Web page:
Set to come into effect in 2026, the new policy aims to give new and smaller events a better chance of getting scarce festival locations in order to “better meet the needs of all the Amsterdam residents”.

Events Councilor Touria Meliani wants to set up a committee that will determine who gets a place based on substantive criteria. By the end of this year, events would know whether they have a place on next year’s calendar.

Festivals including DGTL (Digital, Dutch music festival), Amsterdam Open Air, De Zon, Loveland, and Zeezout have hit back, saying the approach is “too late” and “unworkable” for both new and established festivals.

“You cannot organize a safe and successful festival in six months,” the organizers wrote in a full-page advertisement addressed to the Municipality last month.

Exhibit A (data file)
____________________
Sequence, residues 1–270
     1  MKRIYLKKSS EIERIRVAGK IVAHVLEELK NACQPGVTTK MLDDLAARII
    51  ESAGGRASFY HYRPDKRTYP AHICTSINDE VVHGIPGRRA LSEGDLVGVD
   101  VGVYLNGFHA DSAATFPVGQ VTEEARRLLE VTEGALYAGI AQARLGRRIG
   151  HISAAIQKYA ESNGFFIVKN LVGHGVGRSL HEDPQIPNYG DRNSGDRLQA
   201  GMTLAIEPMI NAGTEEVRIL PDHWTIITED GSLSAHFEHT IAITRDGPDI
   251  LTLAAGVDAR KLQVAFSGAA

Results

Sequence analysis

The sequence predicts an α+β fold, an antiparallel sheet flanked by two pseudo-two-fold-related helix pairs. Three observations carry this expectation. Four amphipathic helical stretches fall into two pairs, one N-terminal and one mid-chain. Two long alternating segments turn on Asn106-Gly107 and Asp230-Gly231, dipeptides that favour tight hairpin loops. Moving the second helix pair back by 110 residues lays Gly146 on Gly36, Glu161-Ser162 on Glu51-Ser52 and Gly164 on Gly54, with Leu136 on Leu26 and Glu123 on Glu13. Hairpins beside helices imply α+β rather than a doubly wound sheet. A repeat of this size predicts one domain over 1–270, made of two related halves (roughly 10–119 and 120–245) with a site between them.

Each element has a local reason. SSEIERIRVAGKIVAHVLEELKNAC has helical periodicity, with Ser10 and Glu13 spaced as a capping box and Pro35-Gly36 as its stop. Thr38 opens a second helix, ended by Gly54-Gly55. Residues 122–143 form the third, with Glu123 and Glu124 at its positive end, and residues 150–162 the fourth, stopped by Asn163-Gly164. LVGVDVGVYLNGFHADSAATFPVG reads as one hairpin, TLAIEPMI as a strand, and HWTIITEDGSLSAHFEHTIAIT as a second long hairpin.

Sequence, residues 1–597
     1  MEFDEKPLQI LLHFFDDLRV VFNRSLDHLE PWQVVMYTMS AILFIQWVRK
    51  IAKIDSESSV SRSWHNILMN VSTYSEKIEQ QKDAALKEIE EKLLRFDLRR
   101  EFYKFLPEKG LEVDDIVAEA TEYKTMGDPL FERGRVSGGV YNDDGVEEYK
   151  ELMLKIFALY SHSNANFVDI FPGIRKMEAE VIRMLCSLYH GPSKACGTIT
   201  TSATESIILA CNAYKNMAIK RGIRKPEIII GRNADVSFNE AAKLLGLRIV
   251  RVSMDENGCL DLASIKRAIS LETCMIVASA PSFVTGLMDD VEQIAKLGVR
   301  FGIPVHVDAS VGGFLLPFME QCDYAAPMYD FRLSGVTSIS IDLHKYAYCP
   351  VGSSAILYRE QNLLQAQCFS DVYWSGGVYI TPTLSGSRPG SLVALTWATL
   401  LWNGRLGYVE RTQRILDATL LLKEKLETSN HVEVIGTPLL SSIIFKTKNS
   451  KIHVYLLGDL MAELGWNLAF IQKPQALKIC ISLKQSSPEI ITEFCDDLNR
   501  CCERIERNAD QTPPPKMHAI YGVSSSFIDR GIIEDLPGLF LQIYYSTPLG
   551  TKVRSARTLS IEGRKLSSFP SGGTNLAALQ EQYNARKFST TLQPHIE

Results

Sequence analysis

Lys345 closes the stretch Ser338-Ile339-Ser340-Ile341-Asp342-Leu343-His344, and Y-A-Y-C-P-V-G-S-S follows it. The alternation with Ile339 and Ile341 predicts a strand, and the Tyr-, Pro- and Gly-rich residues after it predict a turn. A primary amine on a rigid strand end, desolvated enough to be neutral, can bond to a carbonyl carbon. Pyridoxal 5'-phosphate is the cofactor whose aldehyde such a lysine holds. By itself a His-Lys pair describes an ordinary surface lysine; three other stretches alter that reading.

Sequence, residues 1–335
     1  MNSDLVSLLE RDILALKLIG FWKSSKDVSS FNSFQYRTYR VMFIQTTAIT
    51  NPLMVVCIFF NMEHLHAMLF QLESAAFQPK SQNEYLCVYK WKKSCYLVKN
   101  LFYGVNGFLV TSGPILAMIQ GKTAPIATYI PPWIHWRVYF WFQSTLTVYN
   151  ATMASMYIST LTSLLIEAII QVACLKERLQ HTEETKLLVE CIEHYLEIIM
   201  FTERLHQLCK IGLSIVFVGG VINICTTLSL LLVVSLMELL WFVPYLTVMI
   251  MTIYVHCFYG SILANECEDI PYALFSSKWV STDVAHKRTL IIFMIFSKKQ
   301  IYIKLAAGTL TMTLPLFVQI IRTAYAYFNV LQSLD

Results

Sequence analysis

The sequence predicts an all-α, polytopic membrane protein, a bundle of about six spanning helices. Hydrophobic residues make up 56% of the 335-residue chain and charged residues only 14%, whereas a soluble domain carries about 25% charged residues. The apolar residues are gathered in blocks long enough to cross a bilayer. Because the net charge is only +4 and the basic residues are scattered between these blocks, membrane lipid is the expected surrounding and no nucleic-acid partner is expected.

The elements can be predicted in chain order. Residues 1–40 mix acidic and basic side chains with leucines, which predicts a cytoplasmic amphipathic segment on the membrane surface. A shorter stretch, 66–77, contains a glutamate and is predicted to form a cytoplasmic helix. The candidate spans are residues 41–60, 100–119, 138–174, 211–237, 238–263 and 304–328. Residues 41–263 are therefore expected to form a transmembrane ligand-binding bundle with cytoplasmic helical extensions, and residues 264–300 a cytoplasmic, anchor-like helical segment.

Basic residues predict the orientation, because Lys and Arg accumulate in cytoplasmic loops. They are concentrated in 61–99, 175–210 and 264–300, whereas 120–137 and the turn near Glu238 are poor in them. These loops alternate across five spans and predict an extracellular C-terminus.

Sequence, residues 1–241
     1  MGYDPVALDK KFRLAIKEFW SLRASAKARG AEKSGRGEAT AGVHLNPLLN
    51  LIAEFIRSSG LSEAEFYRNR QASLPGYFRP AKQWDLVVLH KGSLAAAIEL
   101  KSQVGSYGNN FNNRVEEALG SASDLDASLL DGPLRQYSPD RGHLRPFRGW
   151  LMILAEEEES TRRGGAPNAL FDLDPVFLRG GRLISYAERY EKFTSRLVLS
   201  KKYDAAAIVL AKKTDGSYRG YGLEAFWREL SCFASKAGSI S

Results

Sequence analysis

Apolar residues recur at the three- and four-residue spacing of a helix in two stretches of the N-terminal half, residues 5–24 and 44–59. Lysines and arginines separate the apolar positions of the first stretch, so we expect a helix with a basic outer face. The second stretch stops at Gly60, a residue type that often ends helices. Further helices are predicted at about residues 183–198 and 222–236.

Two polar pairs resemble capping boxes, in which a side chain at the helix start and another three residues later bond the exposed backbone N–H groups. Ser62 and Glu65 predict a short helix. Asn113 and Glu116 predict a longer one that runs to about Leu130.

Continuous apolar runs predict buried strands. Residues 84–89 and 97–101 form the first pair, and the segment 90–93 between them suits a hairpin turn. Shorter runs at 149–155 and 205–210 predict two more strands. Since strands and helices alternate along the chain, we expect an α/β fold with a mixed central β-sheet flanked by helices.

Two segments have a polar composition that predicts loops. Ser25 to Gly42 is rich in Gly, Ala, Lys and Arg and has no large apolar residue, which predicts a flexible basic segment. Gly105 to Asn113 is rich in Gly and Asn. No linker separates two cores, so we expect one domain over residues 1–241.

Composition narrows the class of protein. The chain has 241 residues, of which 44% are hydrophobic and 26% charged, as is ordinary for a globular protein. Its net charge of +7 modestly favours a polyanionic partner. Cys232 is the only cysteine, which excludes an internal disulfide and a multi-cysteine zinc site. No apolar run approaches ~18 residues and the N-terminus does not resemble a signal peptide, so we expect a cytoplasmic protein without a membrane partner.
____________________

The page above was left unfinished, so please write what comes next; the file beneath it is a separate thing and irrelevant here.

The organizers have launched a petition against the new policy, which has been signed by 18,613 people.

Another major issue on the horizon is the Government’s plans to raise the tax rate for the cultural and creative sector from nine percent to 21 percent, which has also prompted a coalition of the organizations to launch a joint campaign asking it to reconsider.

A statement from the coalition reads: “The proposed increase in the value added tax (VAT) rate will inevitably lead to higher prices, which will put pressure on the accessibility and affordability of sports, media, books, culture and catering for the public. It affects everyone in the Netherlands in daily life and in several areas. It is an additional burden on the valuable free time, club life, curiosity and (mental) health of every Dutch person.”